augmented reality will first require a widespread product release, much
like the iPod helped marketers understand the pervasive MP3 environment.
Unfortunately, until such a release emerges, speculation remains just
that.

Expanding the Augmented
Toolkit

As I reported several months ago, the real potential for
a breakout in Augmented Reality technology comes when AR can break
itself from the constraints of the computer. Some pioneering AR
entrepreneurs are trying to do this by partnering with the music
industry, another part of the economy in dire need of some
clear-thinking innovation.

the augmented reality company Total Immersion is moving forward
with plans to bring augmented technology to the old field of music
albums
.

Total Immersion will make
use of augmented reality's interplay with webcams to create an
interactive, eye-popping experience right on the back of the album. At
least, that's the plan. From Total Immersion's announcement:

When
held in front of a home webcam, the artwork shows 3-D images of
the band chatting to the viewer before giving an impromptu performance
of the hit new single ‘I Need You’, all within the palm of their hand.

Consumers
can turn the sleeve artwork around to view the band from
alternative angles. The band members move as fluidly as they would if
they were physically standing on the piece of paper being held.

Total Immersion hopes that
bringing user involvement into the album buying process will lead to
increased sales and future contracts. There is some potential for
in-store webcam systems similar to the kiosks that allow potential
buyers to sample music from the album, but this is also a more
capital-intensive investment than the kiosks.

Whether or not the album
actually sells, Total Immersion makes the argument that consumers are
increasingly tech-savvy and demand more than a bland passive listening
experience. As we've shown in the past,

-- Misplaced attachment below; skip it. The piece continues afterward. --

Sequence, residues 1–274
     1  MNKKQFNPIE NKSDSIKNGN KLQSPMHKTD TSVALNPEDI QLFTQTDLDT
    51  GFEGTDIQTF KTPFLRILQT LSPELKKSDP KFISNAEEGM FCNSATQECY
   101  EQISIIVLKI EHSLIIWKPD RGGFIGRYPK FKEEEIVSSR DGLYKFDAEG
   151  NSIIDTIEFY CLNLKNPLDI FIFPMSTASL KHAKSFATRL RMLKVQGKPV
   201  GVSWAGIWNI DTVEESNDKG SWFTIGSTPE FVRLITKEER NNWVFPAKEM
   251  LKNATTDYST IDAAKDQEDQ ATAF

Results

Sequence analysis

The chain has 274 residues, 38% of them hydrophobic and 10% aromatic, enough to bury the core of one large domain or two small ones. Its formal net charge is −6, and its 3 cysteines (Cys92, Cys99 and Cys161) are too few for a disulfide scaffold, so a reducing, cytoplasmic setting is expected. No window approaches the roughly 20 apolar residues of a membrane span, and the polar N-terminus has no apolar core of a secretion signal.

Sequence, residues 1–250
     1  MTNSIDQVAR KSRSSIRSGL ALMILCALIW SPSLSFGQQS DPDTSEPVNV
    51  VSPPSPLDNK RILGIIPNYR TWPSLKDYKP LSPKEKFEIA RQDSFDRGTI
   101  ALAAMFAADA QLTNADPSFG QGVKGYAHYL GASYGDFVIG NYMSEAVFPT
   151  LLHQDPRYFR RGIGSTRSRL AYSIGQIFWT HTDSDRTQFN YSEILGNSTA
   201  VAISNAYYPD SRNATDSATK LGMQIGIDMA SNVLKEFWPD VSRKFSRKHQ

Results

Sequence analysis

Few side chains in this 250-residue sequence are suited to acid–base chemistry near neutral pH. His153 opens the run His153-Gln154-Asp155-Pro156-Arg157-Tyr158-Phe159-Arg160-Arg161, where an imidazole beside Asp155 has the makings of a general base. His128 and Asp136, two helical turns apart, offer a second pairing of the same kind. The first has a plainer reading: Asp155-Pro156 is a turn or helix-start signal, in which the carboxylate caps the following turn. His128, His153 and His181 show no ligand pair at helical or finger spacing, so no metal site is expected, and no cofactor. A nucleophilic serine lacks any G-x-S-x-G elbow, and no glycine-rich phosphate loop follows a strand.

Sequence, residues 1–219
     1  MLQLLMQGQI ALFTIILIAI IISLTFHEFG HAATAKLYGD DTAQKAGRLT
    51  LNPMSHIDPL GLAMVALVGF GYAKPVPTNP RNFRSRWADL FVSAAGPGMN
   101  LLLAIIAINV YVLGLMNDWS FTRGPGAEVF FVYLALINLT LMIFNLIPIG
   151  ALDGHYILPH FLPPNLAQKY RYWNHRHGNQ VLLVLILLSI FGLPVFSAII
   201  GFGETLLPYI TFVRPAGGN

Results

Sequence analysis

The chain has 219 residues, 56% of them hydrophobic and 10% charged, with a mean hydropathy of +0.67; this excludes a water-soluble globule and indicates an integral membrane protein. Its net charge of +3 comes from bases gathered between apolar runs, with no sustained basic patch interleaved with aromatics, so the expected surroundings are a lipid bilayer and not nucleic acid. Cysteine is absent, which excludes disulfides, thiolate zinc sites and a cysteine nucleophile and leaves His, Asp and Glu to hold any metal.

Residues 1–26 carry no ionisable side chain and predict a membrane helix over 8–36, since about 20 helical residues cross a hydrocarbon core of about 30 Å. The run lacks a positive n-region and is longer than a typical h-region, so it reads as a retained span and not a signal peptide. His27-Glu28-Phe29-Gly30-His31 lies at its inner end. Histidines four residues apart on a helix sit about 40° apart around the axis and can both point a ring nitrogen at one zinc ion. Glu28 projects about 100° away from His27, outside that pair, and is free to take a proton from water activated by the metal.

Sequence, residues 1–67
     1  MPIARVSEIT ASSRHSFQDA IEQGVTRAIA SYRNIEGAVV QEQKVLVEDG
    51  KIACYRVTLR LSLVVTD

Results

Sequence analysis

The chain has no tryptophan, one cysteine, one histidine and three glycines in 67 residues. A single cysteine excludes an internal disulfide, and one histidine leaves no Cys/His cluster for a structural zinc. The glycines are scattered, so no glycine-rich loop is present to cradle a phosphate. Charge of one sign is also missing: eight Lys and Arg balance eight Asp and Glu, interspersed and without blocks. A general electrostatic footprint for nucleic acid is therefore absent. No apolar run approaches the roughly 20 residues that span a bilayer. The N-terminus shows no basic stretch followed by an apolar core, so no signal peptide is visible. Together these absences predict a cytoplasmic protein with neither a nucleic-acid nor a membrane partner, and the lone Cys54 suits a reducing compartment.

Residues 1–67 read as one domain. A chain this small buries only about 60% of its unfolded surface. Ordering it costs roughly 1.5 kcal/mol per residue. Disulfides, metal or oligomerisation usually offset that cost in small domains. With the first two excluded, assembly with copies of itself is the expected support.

the rise of virtual worlds and
user-centric environments is making the passive consumer a thing of the
past
, and companies that
offer products with no frills or opportunities for user interaction are
finding consumer markets increasingly uninterested in boring products.

Building the Business of Augmented Reality

Building
a successful business plan on the back of augmented reality might be
tricky. BusinessWeek and other mainstream news outlets are already
reporting that the
promises made by augmented reality hype masters may be more than the
technology can actually deliver
. Companies like Total Immersion may
see a field without heavy competition, but there are few major consumer
augmented reality companies for good reason.

On the micro level, small
developers have created innovative iPhone applications that make use of
augmented reality filters, but no one has been bold enough to try a
large-scale consumer product rollout. As BusinessWeek notes, dozens of
products feature "augmented reality" features regardless of whether they
actually use augmented technology.

Establishing standards could
be step
one in clearing the field for a widespread consumer move to augmented
goods:

Marketers will advertise even the slightest of augments as
"augmented
reality," leaving consumers confused and bewildered. Consumers and
purveyors of augmented reality devices and applications might benefit
from input from an organization such as Underwriters Laboratories,
which tests products for safety and compliance with standards.

Launching a new industry is never easy, and there will be plenty of
corporate failures as new standards and best practices emerge. We turn
it over to the readers: When will augmented reality make its wide-scale
debut?